Stock Market Crash
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Americans living during the 1920s were more prosperous than any American generation before. New technological advances were changing the way individuals lived, among them being air travel, the telephone, the radio, and electricity. American workers benefited from higher wages, benefits, and shorter working hours. Hoover was elected president, and Wall Street saw a record number of transactions in hopes the new president would fulfill his promises and end poverty in America. Despite a massive outpouring of optimism, by the end of the 1920s, the roots of the Great Depression were already taking hold. In the U.S., poor investment practices, a decline in spending and consumption, and mistakes made by the Federal Reserve hastened the onset of the stock market crash. Mass enthusiasm led to overvalued stocks, with American corporations unable to match projected earnings. Worldwide, countries that owed the United States great sums of money were unable to pay back the loans, or to buy American exports.
Studying the causes and effects of the stock market crash in the 1920s and the resulting Great Depression is important in that mistakes in history tend to be repeated once the generations who experienced the tragedy first hand have passed the torch on to those that succeed them. Once memory and the lessons taught become separated by time, the laws and practices meant to protect future generations are often thought of as outdated, and the stage is set for history to repeat itself with a new generation being forced to learn the harsh lessons of their forefathers.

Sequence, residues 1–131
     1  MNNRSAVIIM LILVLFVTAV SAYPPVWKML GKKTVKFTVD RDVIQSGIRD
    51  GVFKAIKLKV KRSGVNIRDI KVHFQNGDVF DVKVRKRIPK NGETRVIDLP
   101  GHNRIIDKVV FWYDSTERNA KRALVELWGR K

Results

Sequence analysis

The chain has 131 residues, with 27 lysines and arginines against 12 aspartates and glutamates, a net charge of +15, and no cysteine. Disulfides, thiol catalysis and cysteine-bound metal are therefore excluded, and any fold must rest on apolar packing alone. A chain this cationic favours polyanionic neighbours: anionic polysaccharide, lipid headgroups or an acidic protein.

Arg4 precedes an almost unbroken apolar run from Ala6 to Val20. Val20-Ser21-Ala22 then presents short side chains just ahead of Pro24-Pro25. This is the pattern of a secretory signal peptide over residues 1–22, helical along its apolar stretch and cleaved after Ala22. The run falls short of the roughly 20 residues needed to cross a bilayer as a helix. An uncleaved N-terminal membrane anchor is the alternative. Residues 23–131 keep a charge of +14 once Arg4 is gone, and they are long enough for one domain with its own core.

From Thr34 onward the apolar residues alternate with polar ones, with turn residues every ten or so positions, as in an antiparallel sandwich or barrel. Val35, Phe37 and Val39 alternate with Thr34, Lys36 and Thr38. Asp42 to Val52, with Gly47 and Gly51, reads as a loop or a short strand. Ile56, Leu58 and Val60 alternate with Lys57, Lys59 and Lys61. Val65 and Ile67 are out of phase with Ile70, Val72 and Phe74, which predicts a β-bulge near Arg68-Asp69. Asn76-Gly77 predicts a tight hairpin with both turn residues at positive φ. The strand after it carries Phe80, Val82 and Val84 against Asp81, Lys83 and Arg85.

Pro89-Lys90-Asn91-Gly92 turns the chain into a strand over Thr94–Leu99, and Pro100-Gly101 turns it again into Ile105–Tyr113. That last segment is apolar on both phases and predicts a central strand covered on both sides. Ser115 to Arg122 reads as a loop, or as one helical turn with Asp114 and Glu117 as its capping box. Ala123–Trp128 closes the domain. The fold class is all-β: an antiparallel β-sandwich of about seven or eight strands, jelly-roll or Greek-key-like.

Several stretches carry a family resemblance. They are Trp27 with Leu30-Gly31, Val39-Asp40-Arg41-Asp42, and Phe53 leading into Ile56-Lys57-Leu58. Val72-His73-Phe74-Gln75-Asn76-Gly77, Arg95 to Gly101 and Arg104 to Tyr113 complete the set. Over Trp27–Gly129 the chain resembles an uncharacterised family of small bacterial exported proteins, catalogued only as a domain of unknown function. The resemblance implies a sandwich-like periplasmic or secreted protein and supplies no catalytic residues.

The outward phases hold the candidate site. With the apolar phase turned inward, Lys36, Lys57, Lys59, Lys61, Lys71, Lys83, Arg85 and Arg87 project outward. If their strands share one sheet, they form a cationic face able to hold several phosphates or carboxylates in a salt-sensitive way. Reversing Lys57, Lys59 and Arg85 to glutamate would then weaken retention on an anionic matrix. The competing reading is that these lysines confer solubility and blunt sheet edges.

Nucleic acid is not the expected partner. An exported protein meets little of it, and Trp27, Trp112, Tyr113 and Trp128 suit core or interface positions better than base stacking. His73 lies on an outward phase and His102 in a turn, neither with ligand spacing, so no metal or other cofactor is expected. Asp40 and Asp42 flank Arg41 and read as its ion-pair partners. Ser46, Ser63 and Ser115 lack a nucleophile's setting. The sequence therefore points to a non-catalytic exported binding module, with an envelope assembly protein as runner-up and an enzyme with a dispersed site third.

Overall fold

To understand why the stock market crash happened, this paper will examine the issues leading up to it, the laws enacted to prevent a future disaster, and the societal costs involved with the stock market crash and the resulting Great Depression.
President Franklin D. Roosevelt inherited the national emergency created by his predecessor and the questionable business and investing practices of the 1920s. Upon assuming office, Roosevelt acted immediately to persuade Congress into passing laws that would protect American citizens from abuses of corporations and faulty banking practices. His New Deal included many laws that transformed the relationship between the government and citizens. Two of the most significant new laws put into place after the stock market crash were the Glass-Steagall Banking Act and the Truth in Securities Act. While Roosevelt’s actions did not bring an immediate end to the Great Depression, they did provide protection against potential abuses as well as created hope in the American people.